The Time Machine by H. G. Wells
I saw the 2002 film recently, and that inspired me to read the story. I had a Phoenix 60p edition (these were cheap imitations of the Penguin 60's design) on my shelf, and I started reading it before I realised it was an abridgement - chapters 3 to 6 of a twelve chapter novel. Fortunately, the whole book is available on Wikisource, so I'm reading it online now.
The Message of Zechariah by Barry Webb
I heard Barry Webb speak in Melbourne last July as part of an MTS training day, and that inspired me to preach through Zechariah. So that's what I'm currently doing on Sunday mornings at Aspendale. We're looking at Zechariah 3 this Sunday, and aim to finish the series at Easter.
Cohabitation and Marriage: A Pastoral Response by Greg Forster
Reading this book was helpful in thinking through what I mean when I say a book is biblical or not. This book is not biblical. Forster does not, for example, explain how the covenantal nature of marriage (as seen in Malachi 2:14) makes it different to cohabitation, nor does he discuss the relevance of Genesis 1 and 2. Being biblical means looking at what the Bible says is the nature and purpose of marriage. This is not to say that a biblical response needs to be unpastoral, but the subtitle of Forster's book really ought to be "A Sociological Response". Forster adopts a functional definition of marriage - examining the difference it makes socially - rather than a biblical one.
His Truth is Marching On: Advanced Studies on Prophecy in the Light of History by Ralph Woodrow
This seems to be mainly a response to premillennial dispensationalism.
The Paideia of God by Douglas Wilson
This is, I believe, the 18th book I've read by Douglas Wilson.
The Everlasting Man by G. K. Chesterton
The first half of the book deals with prehistoric man and pagan religion, and is somewhat mediocre. The second half is much better, and talks about Jesus. Although never reaching the dizzying heights of Orthodoxy, GKC does have some good things to say concerning the Church:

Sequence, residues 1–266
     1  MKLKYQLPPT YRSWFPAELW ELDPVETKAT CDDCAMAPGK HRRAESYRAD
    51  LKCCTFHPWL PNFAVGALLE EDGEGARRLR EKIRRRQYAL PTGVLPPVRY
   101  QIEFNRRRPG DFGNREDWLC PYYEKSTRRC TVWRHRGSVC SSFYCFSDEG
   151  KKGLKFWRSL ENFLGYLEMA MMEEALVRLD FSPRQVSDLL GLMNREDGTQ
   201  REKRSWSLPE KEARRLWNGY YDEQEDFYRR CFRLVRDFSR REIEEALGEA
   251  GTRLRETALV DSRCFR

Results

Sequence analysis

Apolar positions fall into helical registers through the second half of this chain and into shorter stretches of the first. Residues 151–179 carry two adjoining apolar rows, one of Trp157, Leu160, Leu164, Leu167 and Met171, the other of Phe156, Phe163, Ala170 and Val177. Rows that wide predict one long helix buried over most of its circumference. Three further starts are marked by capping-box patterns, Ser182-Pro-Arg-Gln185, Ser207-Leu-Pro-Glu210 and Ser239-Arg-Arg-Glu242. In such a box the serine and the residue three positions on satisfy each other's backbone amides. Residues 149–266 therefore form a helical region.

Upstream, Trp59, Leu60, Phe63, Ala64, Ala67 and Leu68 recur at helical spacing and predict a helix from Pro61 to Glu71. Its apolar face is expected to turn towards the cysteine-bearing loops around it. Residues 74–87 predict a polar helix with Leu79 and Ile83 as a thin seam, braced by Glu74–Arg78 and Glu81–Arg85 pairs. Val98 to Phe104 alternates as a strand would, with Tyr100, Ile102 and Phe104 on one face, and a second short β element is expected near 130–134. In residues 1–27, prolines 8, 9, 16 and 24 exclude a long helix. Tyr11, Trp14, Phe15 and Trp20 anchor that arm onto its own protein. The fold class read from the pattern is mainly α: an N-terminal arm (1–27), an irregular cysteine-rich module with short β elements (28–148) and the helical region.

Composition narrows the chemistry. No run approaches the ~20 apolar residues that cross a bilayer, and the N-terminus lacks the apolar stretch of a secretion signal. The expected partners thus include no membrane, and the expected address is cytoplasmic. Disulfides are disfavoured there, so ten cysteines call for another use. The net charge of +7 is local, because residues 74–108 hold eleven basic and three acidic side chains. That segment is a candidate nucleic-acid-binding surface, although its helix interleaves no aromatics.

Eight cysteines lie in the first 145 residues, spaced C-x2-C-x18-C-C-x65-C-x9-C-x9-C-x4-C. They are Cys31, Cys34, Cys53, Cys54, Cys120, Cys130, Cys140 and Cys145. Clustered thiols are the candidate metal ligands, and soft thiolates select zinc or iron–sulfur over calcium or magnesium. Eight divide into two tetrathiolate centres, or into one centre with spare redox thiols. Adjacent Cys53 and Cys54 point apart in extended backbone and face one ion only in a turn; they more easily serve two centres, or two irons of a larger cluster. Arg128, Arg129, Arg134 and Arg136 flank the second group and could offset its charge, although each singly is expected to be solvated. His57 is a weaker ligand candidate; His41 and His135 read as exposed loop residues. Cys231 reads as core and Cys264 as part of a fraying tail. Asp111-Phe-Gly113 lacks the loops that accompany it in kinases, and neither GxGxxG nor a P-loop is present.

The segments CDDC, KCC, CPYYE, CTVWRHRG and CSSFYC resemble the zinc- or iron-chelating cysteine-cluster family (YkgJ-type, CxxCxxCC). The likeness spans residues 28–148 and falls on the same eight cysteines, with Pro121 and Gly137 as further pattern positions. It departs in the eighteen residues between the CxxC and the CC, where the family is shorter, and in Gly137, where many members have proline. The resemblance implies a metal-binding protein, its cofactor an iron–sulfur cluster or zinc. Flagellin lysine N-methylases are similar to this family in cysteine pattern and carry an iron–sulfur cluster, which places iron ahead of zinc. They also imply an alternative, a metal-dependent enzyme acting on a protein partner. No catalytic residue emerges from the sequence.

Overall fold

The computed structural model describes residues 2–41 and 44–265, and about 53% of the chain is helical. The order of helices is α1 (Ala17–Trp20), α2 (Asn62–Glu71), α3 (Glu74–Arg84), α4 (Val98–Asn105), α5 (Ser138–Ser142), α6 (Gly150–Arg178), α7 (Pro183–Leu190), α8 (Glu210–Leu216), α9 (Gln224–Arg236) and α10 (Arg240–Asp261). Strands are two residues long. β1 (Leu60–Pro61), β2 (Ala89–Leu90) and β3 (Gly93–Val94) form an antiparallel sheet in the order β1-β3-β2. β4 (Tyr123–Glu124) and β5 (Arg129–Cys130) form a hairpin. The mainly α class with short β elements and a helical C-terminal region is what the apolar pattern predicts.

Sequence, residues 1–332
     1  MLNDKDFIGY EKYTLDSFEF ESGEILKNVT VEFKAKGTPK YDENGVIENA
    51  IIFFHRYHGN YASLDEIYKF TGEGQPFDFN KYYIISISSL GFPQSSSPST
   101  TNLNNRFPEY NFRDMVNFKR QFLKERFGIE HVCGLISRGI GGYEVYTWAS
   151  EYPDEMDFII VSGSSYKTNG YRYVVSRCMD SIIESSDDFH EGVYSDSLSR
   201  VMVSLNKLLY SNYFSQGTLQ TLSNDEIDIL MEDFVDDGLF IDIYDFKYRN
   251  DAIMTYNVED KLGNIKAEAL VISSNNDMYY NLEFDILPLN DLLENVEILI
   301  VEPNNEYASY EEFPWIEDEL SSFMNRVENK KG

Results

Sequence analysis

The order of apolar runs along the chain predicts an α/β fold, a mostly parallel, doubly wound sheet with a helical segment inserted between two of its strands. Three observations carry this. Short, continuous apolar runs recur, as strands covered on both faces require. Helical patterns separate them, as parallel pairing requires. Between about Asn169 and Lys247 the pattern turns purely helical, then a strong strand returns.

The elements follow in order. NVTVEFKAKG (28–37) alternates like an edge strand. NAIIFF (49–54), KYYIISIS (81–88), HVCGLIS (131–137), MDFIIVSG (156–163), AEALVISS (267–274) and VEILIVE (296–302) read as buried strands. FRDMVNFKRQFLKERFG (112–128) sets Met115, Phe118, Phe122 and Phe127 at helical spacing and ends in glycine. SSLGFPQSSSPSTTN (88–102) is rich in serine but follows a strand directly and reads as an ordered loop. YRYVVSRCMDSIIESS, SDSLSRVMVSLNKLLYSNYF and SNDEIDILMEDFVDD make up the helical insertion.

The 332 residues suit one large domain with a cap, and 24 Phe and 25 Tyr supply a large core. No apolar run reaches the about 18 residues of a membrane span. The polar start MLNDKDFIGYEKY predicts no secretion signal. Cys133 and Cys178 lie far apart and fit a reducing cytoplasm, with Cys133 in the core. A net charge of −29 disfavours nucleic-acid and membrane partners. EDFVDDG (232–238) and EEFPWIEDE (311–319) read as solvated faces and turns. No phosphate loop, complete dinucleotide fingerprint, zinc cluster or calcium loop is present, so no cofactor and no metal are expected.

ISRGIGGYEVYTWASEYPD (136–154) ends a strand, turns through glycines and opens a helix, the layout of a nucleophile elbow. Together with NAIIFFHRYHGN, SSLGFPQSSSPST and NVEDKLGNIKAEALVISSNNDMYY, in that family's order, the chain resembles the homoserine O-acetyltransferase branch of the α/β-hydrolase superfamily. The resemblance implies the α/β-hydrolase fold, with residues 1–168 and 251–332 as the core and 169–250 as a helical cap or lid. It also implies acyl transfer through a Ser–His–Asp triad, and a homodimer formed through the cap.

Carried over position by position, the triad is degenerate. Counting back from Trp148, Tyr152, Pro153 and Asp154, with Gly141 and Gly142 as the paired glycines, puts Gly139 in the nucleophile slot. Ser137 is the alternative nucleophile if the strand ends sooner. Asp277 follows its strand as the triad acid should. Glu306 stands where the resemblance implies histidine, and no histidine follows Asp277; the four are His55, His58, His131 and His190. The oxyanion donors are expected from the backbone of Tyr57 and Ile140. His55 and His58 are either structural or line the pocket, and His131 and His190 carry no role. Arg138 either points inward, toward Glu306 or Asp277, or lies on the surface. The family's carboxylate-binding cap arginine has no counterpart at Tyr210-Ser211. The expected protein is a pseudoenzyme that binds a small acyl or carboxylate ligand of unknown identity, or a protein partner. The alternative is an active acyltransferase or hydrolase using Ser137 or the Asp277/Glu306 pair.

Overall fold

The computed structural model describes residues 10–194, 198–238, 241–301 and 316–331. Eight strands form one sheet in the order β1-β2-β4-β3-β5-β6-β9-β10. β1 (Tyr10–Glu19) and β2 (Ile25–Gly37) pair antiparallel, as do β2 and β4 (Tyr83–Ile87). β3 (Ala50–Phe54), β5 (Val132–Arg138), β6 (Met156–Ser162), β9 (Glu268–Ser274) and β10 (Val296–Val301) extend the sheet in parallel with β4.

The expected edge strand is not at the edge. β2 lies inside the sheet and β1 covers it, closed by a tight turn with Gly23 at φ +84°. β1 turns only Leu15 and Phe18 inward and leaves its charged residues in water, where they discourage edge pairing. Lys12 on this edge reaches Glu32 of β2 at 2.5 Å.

Tolstoy or some great preacher of peace among peasants has been shot as a mutineer for defying conscription; and a little while afterwards his few followers meet together in an upper room in remembrance of him. They never had any reason for coming together except that common memory; they are men of many kinds with nothing to bind them, except that the greatest event in all their lives was this tragedy of the teacher of universal peace. They are always repeating his words, revolving his problems, trying to imitate his character. The Pacifists meet at their Pentecost and are possessed of a sudden ecstasy of enthusiasm and wild rush of the whirlwind of inspiration, in the course of which they proceed to establish universal Conscription, to increase the Navy Estimates, to insist on everybody going about armed to the teeth and on all the frontiers bristling with artillery; the proceedings concluded with the singing of 'Boys of the Bulldog Breed' and 'Don't let them scrap the British Navy.' That is something like a fair parallel to the theory of these critics; that the transition from their idea of Jesus to their idea of Catholicism could have been made in the little upper room at Pentecost. Surely anybody's commonsense would tell him that enthusiasts who only met through their common enthusiasm for a leader whom they loved, would not instantly rush away to establish everything that he hated. No, if the 'ecclesiastical and dogmatic system' is as old as Pentecost it is as old as Christmas. If we trace it back to such very early Christians we must trace it back to Christ.Science & Its Limits: The Natural Sciences in Christian Perspective by Del Ratzsch and No Final Conflict by Francis A. Schaeffer
I read both these books in preparation for a workshop that I ran at PYV Summer Camp on Science and Christianity. Ratzsch discusses the nature and limits of science, while Schaeffer looks at Genesis in the light of a belief in the inerrancy of Scripture.
Sherlock Holmes: The Complete Novels by Arthur Conan Doyle
I decided to read all four Sherlock Holmes novels as a way of preparing to see the recent movie. I had read A Study in Scarlet and The Hound of the Baskervilles a long, long time ago, but now I read The Sign of Four and The Valley of Fear for the first time. Exciting stuff.